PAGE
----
Saturday, January 7, 2017

From Flapping to Function: Scissors Tips

There are many strategies described in my book FROM FLAPPING TO FUNCTION:  A PARENT'S GUIDE TO AUTISM AND HAND SKILLS that help children engage, focus and successful in performing fine-motor tasks such as cutting on a line.

Explore use of sensory strategies that your child enjoys and save them for special times when working on a relatively challenging skill such as cutting. Your child may develop a positive association with using scissors if he or she  likes to:
  • chew gum, each crunchy foods or suck from a water bottle
  • wear a weighted vest, lap bag, collar or wrist weights
  • listens to favorite music either in the room or using headphones
  • smells pleasant scents such as vanilla or peppermint provided by a spray, cotton balls soaked in extract, candles or aroma therapy diffuser.
  • sits on a dynamic surface such as ball chair or cushion
Explore use of a visual or auditory timer so that the child knows the session will be brief and when it will be over and then offer a reward or reinforcer. My favorite ones involve movement such as time on a swing, rocking chair, scooter board or bungee chair.

Positioning the child to sit on a chair facing backwards (as I am doing in the photo) enables the child to stabilize arms on the back of the chair. I am also getting some deep pressure sensory stimulation by wrapping my legs around the chair legs. Children with autism often have low muscle tone and this can help them maintain their posture while manipulating materials. 

Explore use of different types of scissors to see which works best. Preschool age children with little hands should learn using small scissors  such as the "learning Scissors" designed by occupational therapist Mary Benbow. Some children will find it easier to begin learning the squeeze release motions by using adapted loop scissors (see links below).

Sturdy paper such as index cards or a manila folder are easier to control than flimsy paper. Children should begin by learning to snip on thin strips of paper before learning how to cut across longer pieces and then on lines.

Cutting uphill as shown in the picture puts the child's wrist in the best anatomical position for controlling scissors with the thumb facing upward. simply tape the paper to the wall.

Some children find it difficult to move the helper hand grasping the paper while the worker hand is cutting. I have found it helpful if they can learn to follow verbal or point cues to move the thumb to cover named stickers. For example, the child in the photo below is told to cover the bird sticker and as she cuts she is told to move her helper hand to cover the elephant sticker. She will be able to best control the paper if she is grasping it close to where she is cutting.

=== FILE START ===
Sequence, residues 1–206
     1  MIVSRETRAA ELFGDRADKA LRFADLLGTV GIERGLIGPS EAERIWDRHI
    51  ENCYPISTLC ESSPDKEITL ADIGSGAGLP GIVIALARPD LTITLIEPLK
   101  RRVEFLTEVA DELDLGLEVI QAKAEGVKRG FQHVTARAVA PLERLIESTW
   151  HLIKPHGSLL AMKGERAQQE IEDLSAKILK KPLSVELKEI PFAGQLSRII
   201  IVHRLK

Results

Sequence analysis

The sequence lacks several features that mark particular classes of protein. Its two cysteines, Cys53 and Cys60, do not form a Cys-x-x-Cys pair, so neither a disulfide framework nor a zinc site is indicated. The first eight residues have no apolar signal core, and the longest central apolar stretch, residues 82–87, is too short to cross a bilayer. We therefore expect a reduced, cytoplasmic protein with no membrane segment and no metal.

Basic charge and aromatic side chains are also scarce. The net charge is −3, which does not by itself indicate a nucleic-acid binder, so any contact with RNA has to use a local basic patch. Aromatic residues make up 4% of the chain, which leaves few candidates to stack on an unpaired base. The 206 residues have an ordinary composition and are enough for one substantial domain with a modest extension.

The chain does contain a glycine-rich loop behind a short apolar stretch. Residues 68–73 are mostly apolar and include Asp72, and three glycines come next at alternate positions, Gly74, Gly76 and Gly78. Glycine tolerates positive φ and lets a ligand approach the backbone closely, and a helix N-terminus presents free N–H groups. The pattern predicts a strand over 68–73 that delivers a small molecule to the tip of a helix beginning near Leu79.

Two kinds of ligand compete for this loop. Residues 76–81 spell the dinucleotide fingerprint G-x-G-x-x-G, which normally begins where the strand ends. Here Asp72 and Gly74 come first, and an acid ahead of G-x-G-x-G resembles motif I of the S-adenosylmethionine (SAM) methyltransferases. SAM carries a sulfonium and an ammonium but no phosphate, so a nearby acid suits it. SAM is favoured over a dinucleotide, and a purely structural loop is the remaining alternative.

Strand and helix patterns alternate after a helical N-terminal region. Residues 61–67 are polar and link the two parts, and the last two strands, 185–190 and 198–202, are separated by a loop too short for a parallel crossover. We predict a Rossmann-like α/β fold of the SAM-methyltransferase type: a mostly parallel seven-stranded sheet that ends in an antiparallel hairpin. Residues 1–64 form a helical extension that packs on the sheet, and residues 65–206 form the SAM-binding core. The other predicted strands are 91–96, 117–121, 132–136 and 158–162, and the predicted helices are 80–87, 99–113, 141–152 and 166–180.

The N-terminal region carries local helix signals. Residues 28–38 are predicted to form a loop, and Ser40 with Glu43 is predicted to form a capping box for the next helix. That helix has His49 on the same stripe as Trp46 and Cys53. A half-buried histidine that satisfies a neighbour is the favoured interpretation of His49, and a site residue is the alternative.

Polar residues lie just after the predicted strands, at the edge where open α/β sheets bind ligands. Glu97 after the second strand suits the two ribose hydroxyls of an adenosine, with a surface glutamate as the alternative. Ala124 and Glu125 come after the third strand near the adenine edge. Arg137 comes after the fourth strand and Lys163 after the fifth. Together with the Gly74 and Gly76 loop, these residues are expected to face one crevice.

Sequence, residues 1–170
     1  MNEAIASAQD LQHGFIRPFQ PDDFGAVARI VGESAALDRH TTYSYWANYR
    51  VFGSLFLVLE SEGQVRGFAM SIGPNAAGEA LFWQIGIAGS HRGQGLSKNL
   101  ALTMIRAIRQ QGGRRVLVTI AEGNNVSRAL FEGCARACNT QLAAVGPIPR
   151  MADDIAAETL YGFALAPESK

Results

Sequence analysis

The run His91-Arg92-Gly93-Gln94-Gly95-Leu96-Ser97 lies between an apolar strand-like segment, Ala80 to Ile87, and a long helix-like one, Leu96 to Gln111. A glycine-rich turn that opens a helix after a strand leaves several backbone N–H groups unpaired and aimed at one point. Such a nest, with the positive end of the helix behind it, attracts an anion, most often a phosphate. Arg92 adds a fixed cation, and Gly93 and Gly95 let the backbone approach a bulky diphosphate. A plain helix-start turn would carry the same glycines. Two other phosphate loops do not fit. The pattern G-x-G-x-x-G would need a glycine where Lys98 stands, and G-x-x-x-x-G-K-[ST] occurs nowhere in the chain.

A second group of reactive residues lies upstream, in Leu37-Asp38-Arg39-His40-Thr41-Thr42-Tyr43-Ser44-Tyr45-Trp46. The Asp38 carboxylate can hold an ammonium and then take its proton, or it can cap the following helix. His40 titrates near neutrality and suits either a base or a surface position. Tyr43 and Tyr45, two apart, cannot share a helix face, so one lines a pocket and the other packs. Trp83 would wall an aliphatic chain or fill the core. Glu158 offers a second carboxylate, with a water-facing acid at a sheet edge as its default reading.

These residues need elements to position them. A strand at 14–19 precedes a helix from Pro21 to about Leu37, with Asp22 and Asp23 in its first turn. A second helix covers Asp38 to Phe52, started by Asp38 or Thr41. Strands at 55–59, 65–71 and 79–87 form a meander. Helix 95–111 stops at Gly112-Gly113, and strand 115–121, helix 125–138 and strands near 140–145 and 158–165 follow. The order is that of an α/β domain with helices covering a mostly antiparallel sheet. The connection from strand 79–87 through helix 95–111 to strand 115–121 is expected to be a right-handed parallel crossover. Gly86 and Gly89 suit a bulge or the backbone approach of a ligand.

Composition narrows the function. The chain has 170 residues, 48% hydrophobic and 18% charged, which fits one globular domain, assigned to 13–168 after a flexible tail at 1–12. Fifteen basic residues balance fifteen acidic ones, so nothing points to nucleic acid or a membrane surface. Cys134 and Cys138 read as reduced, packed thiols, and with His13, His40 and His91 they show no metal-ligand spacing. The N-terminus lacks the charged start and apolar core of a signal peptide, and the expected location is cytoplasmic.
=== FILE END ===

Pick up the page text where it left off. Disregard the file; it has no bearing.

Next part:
Occupational therapists love activities such as using tongs and scoopers because they help children learn the open and close motions used when using scissors.  Many more "pre-cutting" strategies are described in my book FROM RATTLES TO WRITING: A PARENT'S GUIDE TO HAND SKILLS.

These are just a few of the strategies that may help children with or without autism to develop hand skills, specifically cutting skills.

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Friday, December 23, 2016

Developing skills to Screw and Unscrew covers as part of Ring Stack Activity

My clients love using the curvy "snake" ring stack that is made from a bird mister. I came across one at a yard sale and have bought several on Amazon (see Affiliate link below) because it requires reaching, using both hands, an upright posture, promotes visual attention and is visually stimulating to watch as the rings twirl down. I use rings that have small openings and  therefore, require force to push on with individuals who have good motor control and seek deep pressure sensory stimulation.  I use very large rings such as the ones shown when the person has decreased eye hand coordination and it needs to be easy to use.

In this situation I turned the activity into a 2 step process so that they have to unscrew the covers and learn that only the open rings go on the stack and the yellow covers go into the bag.  This activity meets the needs of people with different skills. Some individuals are great at screwing them together tightly and some are better at unscrewing the covers. 

The covers and screwing pieces are made from the abundant thick- It containers I find at work ....

Notice that the ring stack is positioned  according to the person's needs (in the video) and you see it on the table, on a chair and on the person's lap.

Thursday, December 8, 2016

Deep Pressure Sensory Rings

Make "sensory rings" by filling socks or sleeves of an old fleece shirt with plastic bags and sew ends. Size to be tight when child puts them over the head and pulls down to the waist. It creates nice deep pressure and motor activity when they put it on and off. The client in the photo has a big smile on her face after putting three of these on and wearing a weighted bag on her lap.   

The sensory ring I demonstrate in the video is fairly large and loose so that it can be used in motor activities such as pull down the body and stepping out of it.  

Saturday, November 12, 2016

Functional Vision, Visual Perception, and Hand Skills

In my book From Flapping to Function: A Parent's Guide to Hand Skills I describe some of the factors that impact functional vision. Functional vision is not the same as acuity but rather the ability to use visual information to perform functional tasks such as reading, writing and catching a ball. Of course, acuity or focusing power are important for functional vision but there are several other skills that are important in order to scan the environment, follow moving objects and persist at longer visual tasks.

Children with autism may have difficulties with one or more of what is called " the 7 Fs. "These are:
1) Following a moving target using smooth, coordinated eye movements
2) Fixation to gaze at a stationary object
3)Focus to see clearly
4) fusion to use the eyes together to see in 3 dimensions
5) Flexibility to look back and forth between different things
6) Field or the breadth of what the eyes can see while staring straight ahead. For example, people with glaucoma may have extremely diminished visual fields to the point of using "tunnel vision". Children with autism may not seem to be aware of what is in their visual field.
8) Fatigue- is eye strain from the effort put into using the eyes. Also some people with autism tend to use side or peripheral vision and using peripheral is more tiring than using the direct central gaze.